The Indiana House on Tuesday passed a bill that would expand the state’s five-county, state-funded pre-K pilot program, while also creating another pathway into the state’s controversial private school voucher system.
Lawmakers voted 61-34 to send the bill to the Senate. But even some who voted yes said they have reservations about the potential of expanding the voucher system and are hope the bill is changed later in the session.
If the bill becomes law, it would allow pre-K students who receive grants under the pilot program—and meet certain income requirements—to become automatically eligible for the K-12 voucher program when they reach kindergarten.
That means eligible students could access vouchers sooner than they could otherwise.
"I’m frustrated because this is a bill I was excited about supporting exciting,” said Rep. Wendy McNamara , R-Evansville. “The voucher language in it frustrates me. This particular bill, the way that it’s written, is making me—forcing me—to make a choice between changing the lives of kids in exponential ways and between something I have consistently voted against since the first days I’ve been in office."
A few Democrats said they were surprised to be voting against a bill that would expand preschool but said they had other reservations about the bill.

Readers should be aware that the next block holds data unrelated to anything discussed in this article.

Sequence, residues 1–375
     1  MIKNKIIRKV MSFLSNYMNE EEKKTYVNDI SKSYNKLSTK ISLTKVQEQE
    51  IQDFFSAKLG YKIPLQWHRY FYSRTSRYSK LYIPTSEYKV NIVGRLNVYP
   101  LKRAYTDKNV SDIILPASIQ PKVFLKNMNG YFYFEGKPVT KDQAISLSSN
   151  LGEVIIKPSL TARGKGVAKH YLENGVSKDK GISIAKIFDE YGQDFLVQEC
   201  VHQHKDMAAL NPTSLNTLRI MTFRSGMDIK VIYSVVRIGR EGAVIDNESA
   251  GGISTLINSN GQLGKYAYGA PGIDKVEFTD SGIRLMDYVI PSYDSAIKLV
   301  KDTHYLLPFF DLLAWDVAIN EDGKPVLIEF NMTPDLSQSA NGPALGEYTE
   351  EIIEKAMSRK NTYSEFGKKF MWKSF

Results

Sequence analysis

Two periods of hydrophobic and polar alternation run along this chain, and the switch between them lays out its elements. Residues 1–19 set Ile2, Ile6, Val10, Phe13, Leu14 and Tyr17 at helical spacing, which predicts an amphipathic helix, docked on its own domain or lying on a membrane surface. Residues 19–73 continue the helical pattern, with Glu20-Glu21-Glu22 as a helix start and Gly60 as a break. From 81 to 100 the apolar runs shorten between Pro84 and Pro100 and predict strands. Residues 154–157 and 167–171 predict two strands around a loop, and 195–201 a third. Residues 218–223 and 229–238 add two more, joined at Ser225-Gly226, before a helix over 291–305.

Rep. Ed Delaney, D-Indianapolis, has criticized the bill as more of a “feel-good” piece of legislation that is more tentative than it needs to be.
If passed, the preschool expansion will help children in five more counties access preschool—but will still leave 82 of Indiana’s 92 counties without access to scholarships.
“It pretends we need to study yet again whether preschool is good,” Delaney said. "They’ve studied this for decades. We pretend it’s a statewide program when it’s not. I think we’re misleading the public if we vote for this bill. I think we need to have a real bill. I hope it will have a real amount of money in it … and a real plan to get from here to the end goal."
But supporters, including state Rep. Kevin Mahan, R-Hartford City, said they would look past the voucher language to keep the bill moving.
“I didn’t have one person ask to have vouchers be put in this pre-k bill,” Mahan said. “I’ve had thousands ask me to support early childhood education."